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Obama’s new rules are no replacement for Congressional action.    
Before Tysons Corner boomed and the CIA's Langley headquarters was built, an ad for Broyhill McLean Estates urged folks to get in on a locale that was sure to escalate in value because of the coming "Chantilly airport" (Dulles, 1960) and "Circumferential Highway" (the Beltway, 1962).Josh Fox’s “Gasland” movies grew out of a company’s effort to pay him for exploration rights to his land, which lies above the Marcellus Shale formation.    
Taking a longer-term view, a widely cited 2005 study by researchers at Stanford University projected that wind, if fully harnessed worldwide, could theoretically meet the world's present energy needs five times over. And a 2010 study by the National Renewable Energy Laboratory found that the United States could get more than 12 times its current electricity consumption from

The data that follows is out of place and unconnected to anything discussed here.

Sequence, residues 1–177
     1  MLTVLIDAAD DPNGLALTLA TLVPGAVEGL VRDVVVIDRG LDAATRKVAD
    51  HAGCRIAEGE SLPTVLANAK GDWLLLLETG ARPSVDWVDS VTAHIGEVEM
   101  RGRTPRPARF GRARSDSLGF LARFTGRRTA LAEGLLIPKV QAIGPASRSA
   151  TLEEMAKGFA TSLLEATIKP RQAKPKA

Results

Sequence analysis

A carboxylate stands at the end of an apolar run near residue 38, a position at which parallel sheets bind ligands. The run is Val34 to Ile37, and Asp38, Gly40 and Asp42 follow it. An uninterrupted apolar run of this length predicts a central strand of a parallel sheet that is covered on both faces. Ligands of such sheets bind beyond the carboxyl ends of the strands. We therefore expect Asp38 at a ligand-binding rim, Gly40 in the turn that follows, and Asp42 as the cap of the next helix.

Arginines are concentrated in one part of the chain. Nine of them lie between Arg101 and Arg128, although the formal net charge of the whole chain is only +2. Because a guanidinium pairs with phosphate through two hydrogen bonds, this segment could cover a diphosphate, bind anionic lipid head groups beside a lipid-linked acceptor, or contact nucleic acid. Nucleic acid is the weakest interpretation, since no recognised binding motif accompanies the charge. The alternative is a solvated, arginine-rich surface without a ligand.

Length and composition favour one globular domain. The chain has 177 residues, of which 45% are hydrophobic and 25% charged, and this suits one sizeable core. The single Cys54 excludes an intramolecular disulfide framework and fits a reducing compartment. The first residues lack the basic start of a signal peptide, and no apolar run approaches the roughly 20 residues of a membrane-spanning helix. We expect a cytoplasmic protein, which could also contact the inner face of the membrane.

wind alone. But impressive as these figures may sound, wind power still has a long way to go before it becomes a significant factor in reducing carbon emissions.
The potential is there — with abundant wind available for harvesting both on land and, especially, over the oceans — but harnessing that power efficiently will require enormous investments in manufacturing and installation.So far, installed wind power has the capacity to generate only about 0.2
terawatts (trillions of watts) of energy worldwide — a number that pales in comparison to an average world demand of 14 terawatts, expected to double by 2050. The World Wind

Energy Association now projects global wind-power capacity of 1.9 terawatts by 2020.
But that's peak capacity, and even in the best locations the wind doesn't blow all the time. In

fact, the world's wind farms operate at an average capacity factor (the percentage of their maximum power that is actually delivered) somewhere between 20 and 40 percent, depending on their location and the technology.Some analysts are also concerned that widespread deployment of wind power, with its inherently unpredictable swings in output, could stress power grids, forcing the repeated startup and shutdown of other generators to compensate for wind's variability.